Keeping it Simple


Moleskine and Pen

Moleskine and Pen

George Bernard Shaw is quoted as saying, “The reasonable man adapts himself to the world; the unreasonable one persists in trying to adapt the world to himself. Therefore all progress depends on the unreasonable man.”  While we all appreciate progress, I sometimes have to wonder at the way people look at the world.

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FARTing Around


INBOX 0: Tarditas et procrastinatio odiosa est

INBOX 0: Tarditas et procrastinatio odiosa est

I’ve recently become aware of Getting Things Done, and have been attempting to practice it for the last six weeks.  In many ways, it is very similar to what I had been doing previously.  You could call my method a lightweight GTD, and it’s based on the FART mnemonic.

For any item that crosses my desk, be it email, IM, memos, or stickies, I follow the same basic triage process.  Four directives (File, Act, Redirect or Trash) are applied based on a few simple considerations.  These are as follows:

  • Do I need to refer to this item again?

If so, file it somewhere easily searchable such as a mail folder, content management system, Wiki, etc.  Remove the item from your In-box to the file location.  Continue to consider the other questions.

  • Do I need to act on this?

If so, add a to-do to your to-do list.  Prioritise and schedule work on the action using your to-do list.  Remove the item from your In-box by Filing, Redirection, or Trashing.

  • Am I the best person to work on this?

If not, redirect or delegate it to someone else.  You may, if you feel you need to, add a reminder to your to-do list to follow up with the delegate.

  • Trash it, you’re done.

By now, you’ve filed the item if necessary, decided to act on it, or delegated it.  What other possible action can you now take?  You have extracted all value from the item, so the only other option is to remove it from your In-box.  If you have not done so already, or filed the item to a folder, move the item to the trash.  You are now done with processing your incoming items.  All that remains is to tackle your to-do list.

Repeat as necessary, and you will soon find that heap of email shrinking.  In-box 0 is not an impossible goal.  All you need to do, is think outside the In-box!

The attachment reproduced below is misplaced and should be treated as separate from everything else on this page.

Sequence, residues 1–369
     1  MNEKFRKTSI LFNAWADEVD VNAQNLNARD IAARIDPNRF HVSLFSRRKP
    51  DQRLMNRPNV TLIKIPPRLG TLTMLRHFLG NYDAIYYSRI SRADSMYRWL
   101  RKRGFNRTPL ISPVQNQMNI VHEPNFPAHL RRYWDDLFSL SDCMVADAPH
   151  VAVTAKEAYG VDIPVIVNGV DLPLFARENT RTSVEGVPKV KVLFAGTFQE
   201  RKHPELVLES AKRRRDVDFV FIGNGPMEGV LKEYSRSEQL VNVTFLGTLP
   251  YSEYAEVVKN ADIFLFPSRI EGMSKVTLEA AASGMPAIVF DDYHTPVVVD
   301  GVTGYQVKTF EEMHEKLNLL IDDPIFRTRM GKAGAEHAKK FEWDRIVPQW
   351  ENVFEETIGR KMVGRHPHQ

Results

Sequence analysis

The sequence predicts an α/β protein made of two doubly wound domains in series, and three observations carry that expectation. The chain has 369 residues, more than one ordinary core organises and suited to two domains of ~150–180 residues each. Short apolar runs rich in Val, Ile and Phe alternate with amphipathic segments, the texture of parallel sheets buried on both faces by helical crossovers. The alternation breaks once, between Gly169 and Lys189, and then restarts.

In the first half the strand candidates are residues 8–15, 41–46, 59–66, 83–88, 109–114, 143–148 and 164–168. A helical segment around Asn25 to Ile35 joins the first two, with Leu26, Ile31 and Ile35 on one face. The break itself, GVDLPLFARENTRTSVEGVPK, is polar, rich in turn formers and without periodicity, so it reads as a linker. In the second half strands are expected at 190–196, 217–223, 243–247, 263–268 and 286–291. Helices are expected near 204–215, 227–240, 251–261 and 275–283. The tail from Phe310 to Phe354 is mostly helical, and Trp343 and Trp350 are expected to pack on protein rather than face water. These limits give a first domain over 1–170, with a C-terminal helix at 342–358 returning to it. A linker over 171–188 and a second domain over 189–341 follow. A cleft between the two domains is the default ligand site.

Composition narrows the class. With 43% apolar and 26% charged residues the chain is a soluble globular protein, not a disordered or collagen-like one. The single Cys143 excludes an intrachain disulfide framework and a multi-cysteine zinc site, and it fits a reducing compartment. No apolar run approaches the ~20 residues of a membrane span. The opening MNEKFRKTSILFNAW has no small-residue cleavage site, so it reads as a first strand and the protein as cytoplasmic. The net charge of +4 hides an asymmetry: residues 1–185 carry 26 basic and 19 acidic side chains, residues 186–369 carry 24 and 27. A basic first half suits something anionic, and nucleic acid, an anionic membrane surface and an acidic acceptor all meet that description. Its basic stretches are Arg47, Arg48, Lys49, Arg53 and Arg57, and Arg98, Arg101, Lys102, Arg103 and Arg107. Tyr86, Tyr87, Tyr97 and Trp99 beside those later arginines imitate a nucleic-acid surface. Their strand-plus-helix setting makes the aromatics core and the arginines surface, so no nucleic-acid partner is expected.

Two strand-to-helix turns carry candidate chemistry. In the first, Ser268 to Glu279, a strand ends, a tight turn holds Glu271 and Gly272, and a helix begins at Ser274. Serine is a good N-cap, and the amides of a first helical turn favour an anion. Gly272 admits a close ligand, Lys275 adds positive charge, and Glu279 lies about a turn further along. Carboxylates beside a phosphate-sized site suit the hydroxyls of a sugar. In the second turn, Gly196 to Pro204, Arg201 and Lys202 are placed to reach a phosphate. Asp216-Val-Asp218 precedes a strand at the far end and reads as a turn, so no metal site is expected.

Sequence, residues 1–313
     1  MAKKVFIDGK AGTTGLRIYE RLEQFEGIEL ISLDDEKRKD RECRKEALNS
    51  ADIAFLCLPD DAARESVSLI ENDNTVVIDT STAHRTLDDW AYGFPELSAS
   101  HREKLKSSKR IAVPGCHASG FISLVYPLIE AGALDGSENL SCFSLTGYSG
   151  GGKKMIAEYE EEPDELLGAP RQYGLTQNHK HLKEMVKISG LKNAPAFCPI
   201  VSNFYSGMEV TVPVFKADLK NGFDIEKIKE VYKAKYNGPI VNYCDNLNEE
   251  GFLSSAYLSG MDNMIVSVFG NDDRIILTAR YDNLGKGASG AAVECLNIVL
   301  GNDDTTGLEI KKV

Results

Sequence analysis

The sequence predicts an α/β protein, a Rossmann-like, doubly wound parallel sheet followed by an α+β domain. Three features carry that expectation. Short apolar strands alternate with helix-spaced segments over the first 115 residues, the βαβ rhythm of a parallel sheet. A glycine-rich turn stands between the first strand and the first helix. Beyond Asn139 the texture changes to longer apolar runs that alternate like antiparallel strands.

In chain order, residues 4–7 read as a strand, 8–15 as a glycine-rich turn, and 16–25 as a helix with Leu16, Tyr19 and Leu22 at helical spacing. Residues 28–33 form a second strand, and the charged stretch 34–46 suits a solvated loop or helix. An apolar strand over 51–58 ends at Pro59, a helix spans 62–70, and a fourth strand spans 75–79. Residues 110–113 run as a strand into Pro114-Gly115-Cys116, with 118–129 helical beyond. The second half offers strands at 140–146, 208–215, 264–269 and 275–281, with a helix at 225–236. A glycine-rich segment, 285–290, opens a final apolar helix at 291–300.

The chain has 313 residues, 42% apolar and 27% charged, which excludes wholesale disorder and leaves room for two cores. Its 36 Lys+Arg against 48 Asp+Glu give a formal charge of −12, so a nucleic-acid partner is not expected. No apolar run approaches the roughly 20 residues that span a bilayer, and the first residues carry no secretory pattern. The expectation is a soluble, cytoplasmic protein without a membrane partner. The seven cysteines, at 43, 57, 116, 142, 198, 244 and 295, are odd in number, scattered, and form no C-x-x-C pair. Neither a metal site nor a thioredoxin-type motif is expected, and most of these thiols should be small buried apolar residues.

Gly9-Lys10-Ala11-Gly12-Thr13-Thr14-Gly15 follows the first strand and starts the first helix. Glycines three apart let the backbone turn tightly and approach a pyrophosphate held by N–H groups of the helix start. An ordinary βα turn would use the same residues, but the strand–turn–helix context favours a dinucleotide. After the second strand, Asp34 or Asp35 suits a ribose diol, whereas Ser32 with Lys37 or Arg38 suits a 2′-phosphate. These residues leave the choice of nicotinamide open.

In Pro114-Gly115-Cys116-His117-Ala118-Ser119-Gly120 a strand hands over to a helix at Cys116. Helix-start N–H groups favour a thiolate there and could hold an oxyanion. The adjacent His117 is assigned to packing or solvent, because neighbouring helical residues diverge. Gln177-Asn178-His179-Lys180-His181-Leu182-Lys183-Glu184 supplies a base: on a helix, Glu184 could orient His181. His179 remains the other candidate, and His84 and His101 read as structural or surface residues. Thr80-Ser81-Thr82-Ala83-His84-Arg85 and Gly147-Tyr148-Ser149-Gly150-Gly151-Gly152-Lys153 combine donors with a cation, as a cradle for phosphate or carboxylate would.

Decisions, decisions, …


It is our choices. . . that show what we are, far more than our abilities.

It is our choices. . . that show what we are, far more than our abilities.

So we’re beginning a new project, and it has come time to decide what we’re going to build. In many ways, we are spoiled for choice. There are many ways in which the existing software could be improved. Do we pay down some technical debt, include a new feature or support new hardware?

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Pre-Merge Formatting


Merge Right

Merge Right

A problem with formatting code on a branch, is when you come to merge it back to the trunk, you end up having to work thorough lots of file changes which are really only formatting changes.  The larger your project size, the more work this involves.  I was faced with a similar task recently.

While editing file by file, I usually do the Ctrl-A Ctrl-Shift-F combo to ensure the file is formatted according to our corporate standards before saving any edits.  Since much of the code I touched on the branch was formatted under a different standard, and I touched a lot of files while introducing log4j logging, the end result was heading for a hairy merge.  What I really needed was a way to bulk format both the branch and the trunk versions of the code-base.

Luckily, I realised that that same formatter embedded in Eclipse can be used to bulk format Java source.  Here’s how …

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